Kentucky Derby winner Medina Spirit’s failed drug test ‘is CONFIRMED by a second screening’

Kentucky Derby winner Medina Spirit’s failed drug test is CONFIRMED: Colt may be disqualified and its owner could have to forfeit $1.8 million winnings

  • A second blood sample from Kentucky Derby winner Medina Spirit has also been found to contain the steroid betamethasone, confirming a previous failed test
  • Following a previous failed test, Medina Spirit will likely become just the second horse in the Kentucky Derby’s 147-year history to be disqualified for steroids 
  • Trainer Bob Baffert previously claimed that only 21 picograms of betamethasone were found in the colt’s blood while pointing to a skin ointment as the culprit
  • This is the fifth violation for Baffert over the last 13 months. He was previously fined in Kentucky and Arkansas, but managed to avoid a ban in Arkansas 
  • The last Derby winner to be disqualified for failing a drug test was Dancer’s Image, which won in 1968 before an anti-inflammatory was found in its sample
  • If Medina Spirit is disqualified, Mandaloun would be elevated as the winner 


A second blood sample from Kentucky Derby winner Medina Spirit has also been found to contain the steroid betamethasone, confirming a previous failed test and likely sealing the colt’s fate as only the second horse in the race’s 147-year history to be disqualified over a failed drug test.

An official announcement has not yet been released, but a laboratory at the University of California, Davis confirmed that a second post-race sample found a prohibited level of the corticosteroid, which is injected to reduce pain and swelling. Clark Brewster, a lawyer who represents Medina Spirit owner Amr Zedan revealed the failed test to The New York Times.

In a text message to the Times, Brewster said the lab did not test for other compounds in the blood and urine, ‘which could prove the trace positive came from an inadvertent and materially inconsequential contamination sourced from a topical ointment used to treat Medina Spirit for a skin lesion on his hip.’ 

A spokeswoman for the Kentucky Horse Racing Commission declined to comment, citing the ongoing investigation. Sherelle Roberts-Pierre said the commission “values fairness and transparency and will provide information to the media and public at the close of an investigation.”

If Medina Spirit is disqualified, Mandaloun would be elevated as the winner of the Kentucky Derby. 

A second blood sample from Kentucky Derby winner Medina Spirit has also been found to contain the steroid betamethasone, confirming a previous failed test and likely sealing the colt’s fate as only the second horse in the race’s 147-year history to be disqualified over a failed drug test

Trainer Bob Baffert (L) Jockey John Velazquez (C) and Horse Owner Amr Zedan hold up the winners trophy after the 147th running of the Kentucky Derby at Churchill Downs on Saturday, May 1. affert previously claimed that only 21 picograms of betamethasone were found in Medina Spirit's blood while suggesting that an ointment used to treat the colt's skin condition likely contaminated the samples. In a series of interviews, Baffert initially blamed 'cancel culture' for the positive test, but has since pointed to the skin ointment as the likely culprit. This is the fifth violation for Baffert over the last 13 months. He was previously fined in Kentucky and Arkansas, but managed to avoid a ban in Arkansas following an appeal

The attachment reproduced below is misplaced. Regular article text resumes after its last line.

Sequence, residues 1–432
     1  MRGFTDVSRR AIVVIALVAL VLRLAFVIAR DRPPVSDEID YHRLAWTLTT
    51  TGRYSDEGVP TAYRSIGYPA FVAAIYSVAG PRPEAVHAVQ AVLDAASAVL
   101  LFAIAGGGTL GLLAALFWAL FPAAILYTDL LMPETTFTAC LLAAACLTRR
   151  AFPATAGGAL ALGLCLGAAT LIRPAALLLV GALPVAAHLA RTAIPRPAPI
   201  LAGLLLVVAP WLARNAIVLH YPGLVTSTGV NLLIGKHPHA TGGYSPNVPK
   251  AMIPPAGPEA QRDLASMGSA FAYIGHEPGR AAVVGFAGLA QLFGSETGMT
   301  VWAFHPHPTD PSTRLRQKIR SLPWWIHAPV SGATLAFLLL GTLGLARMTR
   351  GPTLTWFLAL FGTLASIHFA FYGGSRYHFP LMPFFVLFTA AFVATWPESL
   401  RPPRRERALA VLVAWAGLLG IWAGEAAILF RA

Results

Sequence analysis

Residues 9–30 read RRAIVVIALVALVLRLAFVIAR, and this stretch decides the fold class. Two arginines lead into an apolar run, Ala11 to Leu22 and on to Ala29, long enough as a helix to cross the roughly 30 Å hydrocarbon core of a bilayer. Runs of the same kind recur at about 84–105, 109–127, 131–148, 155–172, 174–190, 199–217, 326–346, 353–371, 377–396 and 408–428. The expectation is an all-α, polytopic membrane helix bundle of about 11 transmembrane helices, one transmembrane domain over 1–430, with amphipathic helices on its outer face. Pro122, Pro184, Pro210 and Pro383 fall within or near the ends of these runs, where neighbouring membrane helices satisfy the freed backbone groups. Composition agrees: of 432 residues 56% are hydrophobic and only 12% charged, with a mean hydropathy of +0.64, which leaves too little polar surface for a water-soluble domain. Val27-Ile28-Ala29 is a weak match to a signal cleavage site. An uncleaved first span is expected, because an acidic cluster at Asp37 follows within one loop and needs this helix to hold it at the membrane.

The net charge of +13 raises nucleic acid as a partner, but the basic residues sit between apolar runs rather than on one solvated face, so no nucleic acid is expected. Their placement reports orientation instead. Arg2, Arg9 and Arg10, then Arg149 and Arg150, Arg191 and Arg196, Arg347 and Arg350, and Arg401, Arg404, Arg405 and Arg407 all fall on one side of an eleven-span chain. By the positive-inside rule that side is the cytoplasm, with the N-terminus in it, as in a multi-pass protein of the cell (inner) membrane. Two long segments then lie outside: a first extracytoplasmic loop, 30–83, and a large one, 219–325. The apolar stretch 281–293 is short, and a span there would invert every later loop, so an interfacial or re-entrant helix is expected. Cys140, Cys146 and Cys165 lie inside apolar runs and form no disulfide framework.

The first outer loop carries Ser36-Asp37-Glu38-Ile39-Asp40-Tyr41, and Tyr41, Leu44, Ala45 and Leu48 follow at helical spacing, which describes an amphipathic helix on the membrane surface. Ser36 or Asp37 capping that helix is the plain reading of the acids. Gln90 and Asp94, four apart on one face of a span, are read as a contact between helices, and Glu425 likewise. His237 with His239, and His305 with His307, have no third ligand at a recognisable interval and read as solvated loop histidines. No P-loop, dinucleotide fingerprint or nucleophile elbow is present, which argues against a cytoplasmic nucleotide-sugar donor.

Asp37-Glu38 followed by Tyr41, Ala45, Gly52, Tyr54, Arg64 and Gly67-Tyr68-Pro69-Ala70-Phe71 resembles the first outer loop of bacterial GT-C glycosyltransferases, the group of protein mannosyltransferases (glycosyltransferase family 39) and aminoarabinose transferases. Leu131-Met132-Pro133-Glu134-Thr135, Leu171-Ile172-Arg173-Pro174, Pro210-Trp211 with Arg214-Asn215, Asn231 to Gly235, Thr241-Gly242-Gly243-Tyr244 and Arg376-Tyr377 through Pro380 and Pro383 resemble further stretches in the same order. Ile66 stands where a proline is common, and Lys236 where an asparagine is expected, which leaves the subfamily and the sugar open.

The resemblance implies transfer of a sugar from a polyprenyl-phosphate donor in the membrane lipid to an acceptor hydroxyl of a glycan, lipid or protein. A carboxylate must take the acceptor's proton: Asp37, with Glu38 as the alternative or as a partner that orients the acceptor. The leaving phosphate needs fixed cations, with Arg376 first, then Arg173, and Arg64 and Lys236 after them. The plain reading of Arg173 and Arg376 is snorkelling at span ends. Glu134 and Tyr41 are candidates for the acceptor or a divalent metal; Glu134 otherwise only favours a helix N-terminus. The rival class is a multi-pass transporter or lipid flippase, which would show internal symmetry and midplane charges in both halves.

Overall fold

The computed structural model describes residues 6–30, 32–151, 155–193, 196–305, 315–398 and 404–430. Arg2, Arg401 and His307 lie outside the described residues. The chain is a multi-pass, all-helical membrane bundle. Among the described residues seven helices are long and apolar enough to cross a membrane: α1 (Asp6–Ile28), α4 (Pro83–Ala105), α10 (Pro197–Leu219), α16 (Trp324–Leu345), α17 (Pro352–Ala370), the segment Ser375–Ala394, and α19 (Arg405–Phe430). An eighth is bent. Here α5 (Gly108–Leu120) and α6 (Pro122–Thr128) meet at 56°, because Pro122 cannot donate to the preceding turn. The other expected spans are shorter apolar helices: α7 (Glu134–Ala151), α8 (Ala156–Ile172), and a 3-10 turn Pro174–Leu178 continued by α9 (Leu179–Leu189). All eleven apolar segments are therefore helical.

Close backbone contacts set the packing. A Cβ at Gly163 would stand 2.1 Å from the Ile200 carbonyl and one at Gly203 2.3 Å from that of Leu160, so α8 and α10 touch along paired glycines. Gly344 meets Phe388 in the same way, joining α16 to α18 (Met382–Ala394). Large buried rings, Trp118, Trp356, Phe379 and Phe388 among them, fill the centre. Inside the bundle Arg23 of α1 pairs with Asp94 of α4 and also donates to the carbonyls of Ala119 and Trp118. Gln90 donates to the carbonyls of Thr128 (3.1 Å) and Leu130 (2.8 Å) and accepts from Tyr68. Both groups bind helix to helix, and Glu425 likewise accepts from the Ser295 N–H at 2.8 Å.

Trainer Bob Baffert (L) Jockey John Velazquez (C) and Horse Owner Amr Zedan hold up the winners trophy after the 147th running of the Kentucky Derby at Churchill Downs on Saturday, May 1. affert previously claimed that only 21 picograms of betamethasone were found in Medina Spirit’s blood while suggesting that an ointment used to treat the colt’s skin condition likely contaminated the samples. In a series of interviews, Baffert initially blamed ‘cancel culture’ for the positive test, but has since pointed to the skin ointment as the likely culprit. This is the fifth violation for Baffert over the last 13 months. He was previously fined in Kentucky and Arkansas, but managed to avoid a ban in Arkansas following an appeal

Trainer Bob Baffert previously claimed that only 21 picograms of betamethasone were found in Medina Spirit’s blood while suggesting that an ointment used to treat the colt’s skin condition likely contaminated the samples.

In a series of interviews, Baffert initially blamed ‘cancel culture’ for the positive test, but has since pointed to the skin ointment as the likely culprit. According to Baffert, Medina Spirit was given an antifungal ointment called Otomax, which contained betamethasone.

This is the fifth violation for Baffert over the last 13 months. He was previously fined in Kentucky and Arkansas, but managed to avoid a ban in Arkansas following an appeal. 

If Medina Spirit is disqualified, owner Amr Zedan would be forced to relinquish the $1.8 million winner’s purse.  

The last Derby winner to be disqualified for failing a drug test was Dancer’s Image, which won in 1968 before an anti-inflammatory was found in its sample. 

Brewster told the Times he was hopeful the Kentucky Derby officials would be lenient. 

‘If it was inadvertent contamination, that should be taken into account,’ Brewster told The Times in a telephone interview. ‘We’re hopeful that reasonable minds and good-intentioned regulators can see what it is, and what it is not, and not have a draconian response.’ 

ohn Velazquez embraces Medina Spirit (8) in the winner's circle after the 147th running of the Kentucky Derby at Churchill Downs

ohn Velazquez embraces Medina Spirit (8) in the winner’s circle after the 147th running of the Kentucky Derby at Churchill Downs